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THE AMERICAN SOLDIER
IN WAR AND PEACE
ELBRIDGE S. BROOKS
THE STORY OF THE AMERICAN INDIAN AND THE STORY
OF THE AMERICAN SAILOR
WASHINGTON STREET OPPOSITE BROMFIELD
The simple story of the American soldier has never yet been told. Whoever wishes to know him as a man must study numerous confusing episodes, search through voluminous histories or sift out the man from the material in the crowding records of innumerable battles.
This is more labor than the busy American cares to undertake, much as he may delight in the records of American valor and American endeavor. It is to attempt this for him, to draw from the mass of material already in print the character and achievements of the fighting man of America even from the earliest times and to present them in consecutive and connected narrative that this book has been undertaken.
The description of battles and the causes of wars have not been entered into. These may be found and studied in detail in any one of the many excellent histories of the United States with which the libraries and homes of America abound. In this book the American soldier as an individual is depicted for the enlightenment and inspiration of Americans — young and old.
War is a terrible necessity. Looked at from the standpoint of humanity there is about it neither picturesqueness, nobility, romance nor delight; it is but the emphasis of man's inhumanity to man. And yet there is another point of view. War has been in the history of the world alike civilizer, peacemaker and uplifter. There could have been no progress for the race had the element of strife been lacking. The efforts of those heroic souls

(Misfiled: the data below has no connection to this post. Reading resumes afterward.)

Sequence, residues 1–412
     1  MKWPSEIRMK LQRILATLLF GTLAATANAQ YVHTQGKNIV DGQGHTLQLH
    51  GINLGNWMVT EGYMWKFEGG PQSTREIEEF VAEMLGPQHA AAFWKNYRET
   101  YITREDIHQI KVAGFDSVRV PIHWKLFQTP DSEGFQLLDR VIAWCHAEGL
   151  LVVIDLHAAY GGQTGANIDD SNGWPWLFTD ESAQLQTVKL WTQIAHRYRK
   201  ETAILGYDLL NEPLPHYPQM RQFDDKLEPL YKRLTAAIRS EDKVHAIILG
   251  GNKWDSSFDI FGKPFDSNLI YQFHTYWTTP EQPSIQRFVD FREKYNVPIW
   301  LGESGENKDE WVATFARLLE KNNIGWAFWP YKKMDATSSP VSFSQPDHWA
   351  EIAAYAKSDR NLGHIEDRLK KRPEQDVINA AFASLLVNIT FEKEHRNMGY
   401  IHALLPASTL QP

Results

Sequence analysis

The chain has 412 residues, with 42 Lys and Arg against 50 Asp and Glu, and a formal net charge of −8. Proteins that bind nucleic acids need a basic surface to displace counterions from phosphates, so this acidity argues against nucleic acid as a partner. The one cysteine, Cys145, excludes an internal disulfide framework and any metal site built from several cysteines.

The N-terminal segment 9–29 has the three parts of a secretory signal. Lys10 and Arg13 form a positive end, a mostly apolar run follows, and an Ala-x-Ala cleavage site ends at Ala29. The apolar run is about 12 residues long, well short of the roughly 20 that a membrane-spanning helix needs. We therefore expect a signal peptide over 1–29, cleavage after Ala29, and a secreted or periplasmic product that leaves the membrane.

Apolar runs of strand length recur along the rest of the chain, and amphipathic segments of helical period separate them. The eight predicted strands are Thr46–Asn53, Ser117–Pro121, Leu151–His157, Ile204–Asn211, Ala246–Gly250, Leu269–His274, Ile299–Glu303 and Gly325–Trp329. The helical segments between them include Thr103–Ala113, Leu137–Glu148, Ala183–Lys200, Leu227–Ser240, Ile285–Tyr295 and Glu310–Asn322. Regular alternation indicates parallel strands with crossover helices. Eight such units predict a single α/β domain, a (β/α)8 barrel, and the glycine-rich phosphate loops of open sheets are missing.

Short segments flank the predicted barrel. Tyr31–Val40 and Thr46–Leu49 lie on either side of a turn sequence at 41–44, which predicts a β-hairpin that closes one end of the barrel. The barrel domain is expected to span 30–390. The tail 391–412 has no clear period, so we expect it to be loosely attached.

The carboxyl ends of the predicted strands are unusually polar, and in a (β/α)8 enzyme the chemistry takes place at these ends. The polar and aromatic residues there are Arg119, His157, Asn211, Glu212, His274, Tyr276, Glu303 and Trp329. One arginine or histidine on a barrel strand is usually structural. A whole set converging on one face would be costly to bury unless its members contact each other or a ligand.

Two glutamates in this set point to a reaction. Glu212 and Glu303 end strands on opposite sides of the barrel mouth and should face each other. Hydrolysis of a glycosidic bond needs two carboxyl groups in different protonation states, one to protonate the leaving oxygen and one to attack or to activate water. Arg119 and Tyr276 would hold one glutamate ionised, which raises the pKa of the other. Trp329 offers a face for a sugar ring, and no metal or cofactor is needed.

“ Who have dared for a high cause to suffer, resist, fight - if need be to die,”
have rung the death-knell of tyranny and moved the world forward toward a broader freedom.
And so, through all the years that have witnessed the evolution of the American Republic, the American soldier has been a prime factor in this development. His valor has illumined history, his steadfastness has redeemed failure, his loyalty has glorified success.
It is for us as Americans to remember our debt to the heroes of Louisburg and Quebec, of Lexington and Saratoga and Yorktown, of Lundy's Lane and New Orleans, of Shiloh and Gettysburg and Appomattox. Without their efforts there would have been no nation of freemen with sons ready to defend its honor and its life, there would have been no America to need or to have a soldier